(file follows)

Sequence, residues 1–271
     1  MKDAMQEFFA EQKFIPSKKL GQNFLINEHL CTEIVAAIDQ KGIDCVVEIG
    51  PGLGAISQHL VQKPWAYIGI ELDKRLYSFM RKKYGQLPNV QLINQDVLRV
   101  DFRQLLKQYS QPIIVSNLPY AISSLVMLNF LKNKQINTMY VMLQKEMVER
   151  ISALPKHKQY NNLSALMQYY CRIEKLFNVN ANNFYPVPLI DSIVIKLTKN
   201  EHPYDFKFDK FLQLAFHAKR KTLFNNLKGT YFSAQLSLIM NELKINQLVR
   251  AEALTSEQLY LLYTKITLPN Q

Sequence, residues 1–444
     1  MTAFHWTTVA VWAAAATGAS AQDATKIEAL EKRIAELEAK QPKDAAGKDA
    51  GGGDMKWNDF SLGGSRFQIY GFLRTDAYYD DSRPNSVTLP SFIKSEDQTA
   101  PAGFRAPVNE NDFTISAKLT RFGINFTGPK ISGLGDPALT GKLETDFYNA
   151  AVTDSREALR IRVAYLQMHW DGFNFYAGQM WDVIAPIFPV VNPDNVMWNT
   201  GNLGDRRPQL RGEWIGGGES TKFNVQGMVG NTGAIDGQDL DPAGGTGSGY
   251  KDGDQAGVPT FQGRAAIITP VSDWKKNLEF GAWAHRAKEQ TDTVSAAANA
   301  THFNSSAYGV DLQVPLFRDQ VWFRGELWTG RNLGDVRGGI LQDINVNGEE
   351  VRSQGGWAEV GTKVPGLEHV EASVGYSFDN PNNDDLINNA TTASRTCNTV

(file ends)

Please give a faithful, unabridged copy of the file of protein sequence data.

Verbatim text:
Sequence, residues 1–271
     1  MKDAMQEFFA EQKFIPSKKL GQNFLINEHL CTEIVAAIDQ KGIDCVVEIG
    51  PGLGAISQHL VQKPWAYIGI ELDKRLYSFM RKKYGQLPNV QLINQDVLRV
   101  DFRQLLKQYS QPIIVSNLPY AISSLVMLNF LKNKQINTMY VMLQKEMVER
   151  ISALPKHKQY NNLSALMQYY CRIEKLFNVN ANNFYPVPLI DSIVIKLTKN
   201  EHPYDFKFDK FLQLAFHAKR KTLFNNLKGT YFSAQLSLIM NELKINQLVR
   251  AEALTSEQLY LLYTKITLPN Q

Sequence, residues 1–444
     1  MTAFHWTTVA VWAAAATGAS AQDATKIEAL EKRIAELEAK QPKDAAGKDA
    51  GGGDMKWNDF SLGGSRFQIY GFLRTDAYYD DSRPNSVTLP SFIKSEDQTA
   101  PAGFRAPVNE NDFTISAKLT RFGINFTGPK ISGLGDPALT GKLETDFYNA
   151  AVTDSREALR IRVAYLQMHW DGFNFYAGQM WDVIAPIFPV VNPDNVMWNT
   201  GNLGDRRPQL RGEWIGGGES TKFNVQGMVG NTGAIDGQDL DPAGGTGSGY
   251  KDGDQAGVPT FQGRAAIITP VSDWKKNLEF GAWAHRAKEQ TDTVSAAANA
   301  THFNSSAYGV DLQVPLFRDQ VWFRGELWTG RNLGDVRGGI LQDINVNGEE
   351  VRSQGGWAEV GTKVPGLEHV EASVGYSFDN PNNDDLINNA TTASRTCNTV